The way i handle it is through bitmap fonts.  basically you load a texture with all the characters you need, and a supplimentary file which tells you where in the texture each glyph is, and supplimentary information.

then for dynamic text strings, each frame you reconstruct a mesh buffer of the glyphs for your text, and upload them for drawing.

for static text, you can use framebuffers or manually building of a texture that encompases the static text you want on screen, this is ideally more performant, but honestly all my text rendering is done as i described above, and i've yet to find a modern platform where their was any noticable performance impact due to it.

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what is a mesh buffer?!

This by the way is where I am right now:

Font.cpp

Spoiler


#include "Utility.h"
#include "Font.h"

Font::Font(std::string path, uint8_t size) :
Path{ path }, Size{ size }, TTFFont{ nullptr }
{
if (TTF_WasInit()) {
OpenFont(Path.c_str(), Size);
}
}

Font::~Font()
{
if (TTFFont) {
if (!TTF_WasInit()){ Util::LogConsole("fuck!!"); }
CloseFont();
}
}

TTF_Font* Font::GetFont()const
{
return TTFFont;
}

Font& Font::Resize(uint8_t size)
{
Size = size;
if (TTFFont) {
CloseFont();
}
OpenFont(Path.c_str(), Size);
return *this;
}

void Font::OpenFont(std::string path, uint8_t size)
{
TTFFont = TTF_OpenFont(Path.c_str(), Size);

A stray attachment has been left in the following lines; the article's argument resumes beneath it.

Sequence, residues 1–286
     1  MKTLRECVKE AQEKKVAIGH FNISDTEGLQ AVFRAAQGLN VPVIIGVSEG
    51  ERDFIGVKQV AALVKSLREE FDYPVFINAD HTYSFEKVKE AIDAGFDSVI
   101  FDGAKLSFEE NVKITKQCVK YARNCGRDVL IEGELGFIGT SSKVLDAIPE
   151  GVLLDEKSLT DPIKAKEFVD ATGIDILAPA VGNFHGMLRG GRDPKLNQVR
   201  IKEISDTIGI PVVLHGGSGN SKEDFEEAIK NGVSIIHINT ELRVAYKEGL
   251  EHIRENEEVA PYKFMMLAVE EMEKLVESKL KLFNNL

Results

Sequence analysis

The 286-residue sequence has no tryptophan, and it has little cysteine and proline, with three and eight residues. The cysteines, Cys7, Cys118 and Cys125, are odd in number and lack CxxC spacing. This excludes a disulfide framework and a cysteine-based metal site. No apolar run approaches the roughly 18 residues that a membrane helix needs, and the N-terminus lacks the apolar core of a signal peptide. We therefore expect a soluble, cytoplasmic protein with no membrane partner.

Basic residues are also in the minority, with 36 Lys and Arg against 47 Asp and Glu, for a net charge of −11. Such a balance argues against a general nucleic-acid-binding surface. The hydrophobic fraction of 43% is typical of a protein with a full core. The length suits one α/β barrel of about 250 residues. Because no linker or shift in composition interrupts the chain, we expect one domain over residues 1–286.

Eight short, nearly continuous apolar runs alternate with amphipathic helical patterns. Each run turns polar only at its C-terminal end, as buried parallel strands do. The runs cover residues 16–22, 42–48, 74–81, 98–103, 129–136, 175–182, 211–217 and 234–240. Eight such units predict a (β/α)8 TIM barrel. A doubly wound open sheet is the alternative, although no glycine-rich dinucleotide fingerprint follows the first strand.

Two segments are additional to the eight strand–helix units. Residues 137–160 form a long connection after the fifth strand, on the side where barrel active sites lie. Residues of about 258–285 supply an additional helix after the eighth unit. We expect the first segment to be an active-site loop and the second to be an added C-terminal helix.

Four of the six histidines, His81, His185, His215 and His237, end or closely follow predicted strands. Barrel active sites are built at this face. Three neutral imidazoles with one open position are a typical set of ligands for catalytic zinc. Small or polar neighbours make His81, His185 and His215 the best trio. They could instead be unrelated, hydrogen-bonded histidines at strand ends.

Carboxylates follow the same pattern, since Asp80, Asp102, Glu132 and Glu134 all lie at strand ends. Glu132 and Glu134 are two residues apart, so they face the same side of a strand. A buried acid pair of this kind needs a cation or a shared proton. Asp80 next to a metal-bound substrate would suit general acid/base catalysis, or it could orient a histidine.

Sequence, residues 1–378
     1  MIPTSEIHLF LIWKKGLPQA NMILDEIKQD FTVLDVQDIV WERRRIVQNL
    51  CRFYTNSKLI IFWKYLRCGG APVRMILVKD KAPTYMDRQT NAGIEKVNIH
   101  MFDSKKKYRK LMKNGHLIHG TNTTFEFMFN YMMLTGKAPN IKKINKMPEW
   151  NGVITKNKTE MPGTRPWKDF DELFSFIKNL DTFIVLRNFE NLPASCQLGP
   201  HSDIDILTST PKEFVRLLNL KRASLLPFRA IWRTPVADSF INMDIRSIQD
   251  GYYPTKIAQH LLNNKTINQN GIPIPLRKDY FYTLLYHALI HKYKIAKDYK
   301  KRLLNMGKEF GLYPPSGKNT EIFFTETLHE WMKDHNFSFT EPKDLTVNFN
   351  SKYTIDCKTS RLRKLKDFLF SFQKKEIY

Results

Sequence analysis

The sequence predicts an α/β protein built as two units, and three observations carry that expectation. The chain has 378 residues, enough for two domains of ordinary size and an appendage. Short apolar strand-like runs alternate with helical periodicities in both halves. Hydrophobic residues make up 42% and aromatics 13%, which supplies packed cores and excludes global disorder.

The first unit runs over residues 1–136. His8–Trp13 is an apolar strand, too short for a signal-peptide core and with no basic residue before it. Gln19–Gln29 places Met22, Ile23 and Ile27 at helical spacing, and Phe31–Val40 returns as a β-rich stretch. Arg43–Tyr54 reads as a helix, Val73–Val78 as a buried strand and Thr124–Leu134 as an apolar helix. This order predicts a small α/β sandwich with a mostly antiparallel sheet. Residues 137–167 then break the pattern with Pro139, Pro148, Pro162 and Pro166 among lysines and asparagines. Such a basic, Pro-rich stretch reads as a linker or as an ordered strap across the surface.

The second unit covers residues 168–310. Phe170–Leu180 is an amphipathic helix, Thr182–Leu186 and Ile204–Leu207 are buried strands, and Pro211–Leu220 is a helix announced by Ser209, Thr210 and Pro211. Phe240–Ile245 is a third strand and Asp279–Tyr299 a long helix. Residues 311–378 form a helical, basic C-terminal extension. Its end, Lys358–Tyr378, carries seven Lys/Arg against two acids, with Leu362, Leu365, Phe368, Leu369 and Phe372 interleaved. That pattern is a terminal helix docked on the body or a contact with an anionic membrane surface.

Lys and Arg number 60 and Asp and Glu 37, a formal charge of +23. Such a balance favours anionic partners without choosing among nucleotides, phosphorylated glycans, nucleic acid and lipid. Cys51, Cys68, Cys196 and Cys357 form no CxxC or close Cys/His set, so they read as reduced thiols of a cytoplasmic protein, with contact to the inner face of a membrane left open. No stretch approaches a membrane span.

if (!TTFFont)
{
Util::LogConsole(TTF_GetError());
}
}

void Font::CloseFont()
{
TTF_CloseFont(TTFFont);
TTFFont = nullptr;
}

Button.cpp

Spoiler

#include "Button.h"

Button::Button(SDL_Window* window, std::string text, int x, int y, Font& font, SDL_Color* buttonColor) :
Window{ window }, Text{ text }, ButtonFont{ font }, ButtonColor{ buttonColor }, Shape{x,y,0,0}
{
ReCalculateSize();
CenterOnPosition();
}

Button::~Button()
{
}

void Button::ReCalculateSize()
{
TTF_SizeText(ButtonFont.GetFont(), Text.c_str(), &Shape.w, &Shape.h);
}

void Button::CenterOnPosition()
{
Shape.x -= Shape.w / 2;
Shape.y -= Shape.h / 2;
}

const char* Button::GetText() const
{
return Text.c_str();
}

const SDL_Rect & Button::GetShape() const
{
return Shape;
}

bool Button::IsHovered() const
{
int MouseX{}, MouseY{};
SDL_GetMouseState(&MouseX, &MouseY);

if (MouseX < Shape.x + Shape.w &&
MouseX > Shape.x &&
MouseY < Shape.y + Shape.h &&
MouseY > Shape.y)
{
return true;
}
return false;
}

bool Button::IsPressed() const
{
if (SDL_GetMouseState(0, 0) & SDL_BUTTON(SDL_BUTTON_LEFT))
{
return true;
}
return false;
}

SDL_Color& Button::GetColor() const
{
return *ButtonColor;
}

void Button::SetColor(SDL_Color & color)
{
ButtonColor = &color;
}

Spoiler

#include "Paths.h"
#include "Button.h"
#include "GameMode.h"
#include "SDL2\SDL.h"

GameState(game, windowInfo), BubbleFont(Paths::Fonts::BUBBLEBATH, 35),
BaseTextColor{ 165,161,141,255 }, HighlightColor{ 222,210,181,255 }
{
PlayButton = std::make_unique<Button>(WindowInfo.Window, "Play",
WindowInfo.Width / 2, WindowInfo.Height / 3,
BubbleFont, &BaseTextColor);
}

{
}

{
if (PlayButton->IsHovered()) {
//pressed
if (PlayButton->IsPressed())		{
Game->SetCurrentState(GameMode::EGameState::PLAY);
}

//hovered
if (&PlayButton->GetColor() != &HighlightColor) {
PlayButton->SetColor(HighlightColor);
}
}
else {//not hovered
if (&PlayButton->GetColor() != &BaseTextColor) {
PlayButton->SetColor(BaseTextColor);
}
}

}

{

SDL_Surface* TempText = TTF_RenderText_Blended(BubbleFont.GetFont(), PlayButton->GetText(), PlayButton->GetColor());
SDL_Texture* TextTexture = SDL_CreateTextureFromSurface(WindowInfo.Renderer, TempText);

//Draw
SDL_SetRenderDrawColor(WindowInfo.Renderer, 40, 34, 50, 255);
SDL_RenderClear(WindowInfo.Renderer);
SDL_RenderCopy(WindowInfo.Renderer, TextTexture, NULL, &PlayButton->GetShape());